My mother passed away a few weeks ago and my brothers is now tr ying to sue me for my mothers remainng assets..

Asked over 1 year ago - New York, NY

i was the power of attorney had moved all my mothers assets because she was in a nursing home and did not have medicade i found 2 ladies to take care of her privately until she got approved. it never happened since she passed...the money that was transferred was in 2 annuities to which i was beneficiary for both and joint holder on my mothers bank accounts...i have been her caretakers for approx 6 years...my brother never helped i arranged and paid for funeral and now i am responsible for nursing home bill.....my mother already gave my brothers about 80,000 over the years and did not want him to have anything else....does he have a case .

Attorney answers (4)

  1. Edwin Drantivy

    Contributor Level 18

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    Lawyers agree

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    Answered . Consult with an estates attorney with litigation experience in order to evaluate the strength of any claim that you may have here. Bring the a complaint and any other documents that you wish to analyze.

  2. Elan Wurtzel

    Contributor Level 10

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    Answered . The previous answers are all great--you need to consult with an attorney. Having a POA enables you to act on your mother's behalf--but such actions must be for her benefit, not yours--unless that was part of her testamentary plan. On the joint accounts there may be a question of whether you really are the owner or the account belonged to your mother and your name was on it as a "convenience" to her, in which case the value might come back into the estate.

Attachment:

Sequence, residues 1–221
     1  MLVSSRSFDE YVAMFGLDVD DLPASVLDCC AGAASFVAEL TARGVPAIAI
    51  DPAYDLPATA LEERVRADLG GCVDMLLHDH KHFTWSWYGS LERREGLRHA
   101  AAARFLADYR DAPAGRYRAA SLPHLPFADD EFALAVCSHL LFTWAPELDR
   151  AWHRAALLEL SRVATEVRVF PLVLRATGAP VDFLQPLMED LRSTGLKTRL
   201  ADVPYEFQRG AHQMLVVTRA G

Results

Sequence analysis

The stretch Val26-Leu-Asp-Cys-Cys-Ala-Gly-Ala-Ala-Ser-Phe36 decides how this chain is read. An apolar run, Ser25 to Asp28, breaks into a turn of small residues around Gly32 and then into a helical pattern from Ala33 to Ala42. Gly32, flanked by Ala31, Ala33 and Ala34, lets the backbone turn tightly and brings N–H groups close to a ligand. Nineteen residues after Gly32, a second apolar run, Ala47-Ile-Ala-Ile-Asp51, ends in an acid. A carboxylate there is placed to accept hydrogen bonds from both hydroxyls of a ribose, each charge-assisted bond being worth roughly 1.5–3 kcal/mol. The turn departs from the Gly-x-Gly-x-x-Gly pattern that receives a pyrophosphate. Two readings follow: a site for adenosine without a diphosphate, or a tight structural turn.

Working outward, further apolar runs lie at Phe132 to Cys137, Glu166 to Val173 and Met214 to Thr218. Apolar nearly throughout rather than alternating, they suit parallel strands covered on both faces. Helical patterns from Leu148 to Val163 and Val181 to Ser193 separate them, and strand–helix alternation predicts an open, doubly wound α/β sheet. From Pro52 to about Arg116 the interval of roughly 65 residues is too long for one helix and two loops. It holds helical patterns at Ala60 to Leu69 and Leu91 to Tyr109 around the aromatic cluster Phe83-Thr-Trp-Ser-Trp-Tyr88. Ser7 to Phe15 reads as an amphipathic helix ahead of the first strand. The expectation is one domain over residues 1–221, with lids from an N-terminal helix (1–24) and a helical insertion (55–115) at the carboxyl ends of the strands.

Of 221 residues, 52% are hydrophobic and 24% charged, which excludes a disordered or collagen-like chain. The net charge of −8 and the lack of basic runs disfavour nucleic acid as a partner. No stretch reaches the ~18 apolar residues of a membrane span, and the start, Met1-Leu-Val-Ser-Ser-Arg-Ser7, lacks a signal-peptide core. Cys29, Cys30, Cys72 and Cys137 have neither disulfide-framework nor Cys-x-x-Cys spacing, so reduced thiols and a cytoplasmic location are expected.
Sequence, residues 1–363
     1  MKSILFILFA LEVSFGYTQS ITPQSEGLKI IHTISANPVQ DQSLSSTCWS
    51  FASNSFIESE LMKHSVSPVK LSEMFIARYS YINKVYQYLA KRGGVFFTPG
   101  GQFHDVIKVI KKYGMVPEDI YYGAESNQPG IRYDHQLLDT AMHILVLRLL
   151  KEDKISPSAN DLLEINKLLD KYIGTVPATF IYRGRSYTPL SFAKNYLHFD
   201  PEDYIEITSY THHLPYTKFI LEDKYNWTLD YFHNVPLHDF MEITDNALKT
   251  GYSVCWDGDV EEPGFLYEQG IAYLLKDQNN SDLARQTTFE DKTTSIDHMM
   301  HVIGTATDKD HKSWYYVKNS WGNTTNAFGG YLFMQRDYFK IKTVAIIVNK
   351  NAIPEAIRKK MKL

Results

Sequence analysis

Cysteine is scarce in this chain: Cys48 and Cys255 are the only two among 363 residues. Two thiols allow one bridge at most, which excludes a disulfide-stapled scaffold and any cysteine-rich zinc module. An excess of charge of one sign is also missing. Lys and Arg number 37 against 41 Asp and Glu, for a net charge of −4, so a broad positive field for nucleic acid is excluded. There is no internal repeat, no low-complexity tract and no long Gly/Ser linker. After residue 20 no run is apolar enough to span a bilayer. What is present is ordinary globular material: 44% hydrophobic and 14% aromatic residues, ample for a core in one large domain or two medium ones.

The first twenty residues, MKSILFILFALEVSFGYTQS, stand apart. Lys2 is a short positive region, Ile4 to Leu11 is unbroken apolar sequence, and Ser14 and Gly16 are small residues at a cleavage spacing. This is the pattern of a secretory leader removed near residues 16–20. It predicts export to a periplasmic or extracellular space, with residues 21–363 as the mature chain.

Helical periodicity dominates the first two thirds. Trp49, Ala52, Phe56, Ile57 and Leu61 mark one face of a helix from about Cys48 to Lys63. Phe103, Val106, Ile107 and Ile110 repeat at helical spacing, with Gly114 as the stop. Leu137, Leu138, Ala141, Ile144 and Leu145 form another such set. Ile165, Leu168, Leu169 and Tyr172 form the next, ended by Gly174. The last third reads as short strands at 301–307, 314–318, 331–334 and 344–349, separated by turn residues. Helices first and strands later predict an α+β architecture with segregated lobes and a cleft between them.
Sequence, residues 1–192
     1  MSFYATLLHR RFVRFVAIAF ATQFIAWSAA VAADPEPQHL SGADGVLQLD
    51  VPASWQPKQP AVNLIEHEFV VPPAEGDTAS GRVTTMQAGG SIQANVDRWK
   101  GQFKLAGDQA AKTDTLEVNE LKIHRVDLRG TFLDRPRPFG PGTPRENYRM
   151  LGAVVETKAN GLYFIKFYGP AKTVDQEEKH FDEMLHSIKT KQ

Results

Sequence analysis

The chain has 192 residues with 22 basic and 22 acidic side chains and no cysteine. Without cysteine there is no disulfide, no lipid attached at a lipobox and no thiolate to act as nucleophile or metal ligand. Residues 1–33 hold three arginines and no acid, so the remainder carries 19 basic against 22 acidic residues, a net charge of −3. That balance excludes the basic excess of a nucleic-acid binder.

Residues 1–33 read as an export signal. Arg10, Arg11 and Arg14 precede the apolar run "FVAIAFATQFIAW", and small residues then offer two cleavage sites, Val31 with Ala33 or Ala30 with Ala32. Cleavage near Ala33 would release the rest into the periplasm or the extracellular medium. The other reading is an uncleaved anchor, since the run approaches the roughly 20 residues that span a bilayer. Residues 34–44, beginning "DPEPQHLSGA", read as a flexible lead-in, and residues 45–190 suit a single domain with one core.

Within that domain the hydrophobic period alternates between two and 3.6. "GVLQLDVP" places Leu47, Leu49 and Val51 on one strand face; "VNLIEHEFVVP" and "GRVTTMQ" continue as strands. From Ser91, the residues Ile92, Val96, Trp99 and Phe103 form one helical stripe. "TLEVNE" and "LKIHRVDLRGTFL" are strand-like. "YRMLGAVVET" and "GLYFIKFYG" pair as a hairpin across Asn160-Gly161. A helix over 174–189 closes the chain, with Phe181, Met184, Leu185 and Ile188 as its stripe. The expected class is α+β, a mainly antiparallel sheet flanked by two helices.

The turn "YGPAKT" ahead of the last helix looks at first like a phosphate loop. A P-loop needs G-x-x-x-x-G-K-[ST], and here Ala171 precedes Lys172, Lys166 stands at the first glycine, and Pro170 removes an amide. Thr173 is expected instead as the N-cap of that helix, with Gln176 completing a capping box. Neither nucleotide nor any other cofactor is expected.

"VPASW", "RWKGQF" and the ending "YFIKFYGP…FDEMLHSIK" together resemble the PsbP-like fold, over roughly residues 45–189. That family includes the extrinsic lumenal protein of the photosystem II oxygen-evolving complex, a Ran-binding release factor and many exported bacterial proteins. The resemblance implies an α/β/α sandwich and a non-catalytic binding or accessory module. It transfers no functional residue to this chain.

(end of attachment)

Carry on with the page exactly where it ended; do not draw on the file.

3. Jayson Lutzky

    Pro

    Contributor Level 20

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    Answered . Consult with an attorney and do not speak with your brothers until then.

    If this answer is helpful, then please mark the helpful button. If this is the best answer, then please indicate... more
  4. Charles Adam Shultz

    Contributor Level 19

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    Answered . The others give good advice, especially Mr. Wurtzel. You need to see an attorney immediately. Based on your facts, you could possibly be civilly and criminally liable for financial elder abuse. You thought you were doing the right thing but that's irrelevant. If your mom wanted to equalize gifting, she should have done so while she had capacity or drawn up a will stating so.

    You would have a right to claim fees for your care taking services, but you need to do that in the proper manner.

    While the POA gave you rights to control, you had to do so as a fiduciary for your mom, not for your own benefit.

    GET TO A GOOD PROBATE ATTORNEY IMMEDIATELY.

    The general advice above does not constitute an attorney-client relationship: you haven't hired me or my firm or... more

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